•    Windows identifies and uses file systems even for single-volume images that have no partition table
•    Inability to interact with Volume Shadow Copies natively

How can I resolve issues mounting EnCase images?

Arsenal Image Mounter is distributed with x64 libewf DLLs that allow the vast majority of our users to mount EnCase images. If you need x86 or experimental (with EnCase Ex01 support) libewf DLLs, you can get them from our GitHub page here. The libewf DLLs should be placed in the same folder as the Arsenal Image Mounter executable.

Do I need an Internet connection for Arsenal Image Mounter licensing?

You only need an Internet connection for Arsenal Image Mounter when you initially enter your license code and when you renew your license. If you cannot connect to the Internet, see the air-gapped workstation instructions below.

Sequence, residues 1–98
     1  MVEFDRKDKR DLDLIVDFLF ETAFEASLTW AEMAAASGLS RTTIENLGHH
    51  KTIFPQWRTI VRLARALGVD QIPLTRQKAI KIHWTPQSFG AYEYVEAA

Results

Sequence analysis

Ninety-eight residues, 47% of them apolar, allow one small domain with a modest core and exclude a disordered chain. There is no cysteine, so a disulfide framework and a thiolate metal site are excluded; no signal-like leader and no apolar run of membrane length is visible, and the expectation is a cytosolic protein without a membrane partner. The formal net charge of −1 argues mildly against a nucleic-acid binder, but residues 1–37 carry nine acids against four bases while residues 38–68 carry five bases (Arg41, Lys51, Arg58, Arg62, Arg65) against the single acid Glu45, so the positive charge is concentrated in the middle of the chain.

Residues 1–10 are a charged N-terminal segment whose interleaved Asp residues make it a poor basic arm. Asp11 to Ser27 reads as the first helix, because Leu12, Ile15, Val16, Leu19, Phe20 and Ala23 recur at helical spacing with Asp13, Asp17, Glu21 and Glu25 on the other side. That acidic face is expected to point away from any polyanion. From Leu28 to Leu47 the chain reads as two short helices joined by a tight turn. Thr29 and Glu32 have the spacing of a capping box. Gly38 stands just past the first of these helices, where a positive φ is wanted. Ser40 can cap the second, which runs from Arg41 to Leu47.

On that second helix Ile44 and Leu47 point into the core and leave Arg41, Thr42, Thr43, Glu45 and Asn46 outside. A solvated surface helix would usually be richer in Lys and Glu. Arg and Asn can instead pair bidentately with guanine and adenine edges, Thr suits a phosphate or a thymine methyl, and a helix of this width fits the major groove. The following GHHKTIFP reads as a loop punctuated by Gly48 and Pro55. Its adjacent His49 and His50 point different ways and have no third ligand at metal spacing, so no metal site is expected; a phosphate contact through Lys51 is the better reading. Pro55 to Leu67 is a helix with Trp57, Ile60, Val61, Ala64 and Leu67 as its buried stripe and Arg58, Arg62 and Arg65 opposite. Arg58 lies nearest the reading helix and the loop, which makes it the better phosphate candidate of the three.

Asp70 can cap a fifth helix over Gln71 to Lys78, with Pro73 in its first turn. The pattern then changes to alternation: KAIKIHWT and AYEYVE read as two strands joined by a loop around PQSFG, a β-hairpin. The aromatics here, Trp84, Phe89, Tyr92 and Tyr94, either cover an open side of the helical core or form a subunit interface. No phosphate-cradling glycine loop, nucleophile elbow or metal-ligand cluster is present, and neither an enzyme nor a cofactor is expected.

How can I license Arsenal Image Mounter on an air-gapped (a/k/a offline) workstation?

If you want your air-gapped workstation properly licensed for Arsenal Image Mounter, please:

  • Open Arsenal Image Mounter and enter the license code you were given
  • Upon realizing that no Internet connection is available, Arsenal Image Mounter will save a “.LIC” file to your ProgramData\ArsenalRecon folder
  • On a workstation with Internet access, go to our Offline Activation page and upload the “.LIC” file.
  • Finally, copy the CDM file you receive to your ProgramData\ArsenalRecon folder

Your air-gapped workstation is now ready to run Arsenal Image Mounter!

Can I use Arsenal Image Mounter to mount Volume Shadow Copies (VSCs) in Windows natively?

Yes, you can license Arsenal Image Mounter and use the “Professional Mode” VSC mounting functionality, or you can leverage AIM’s basic functionality along with other tools as described on David Cowen’s blog here.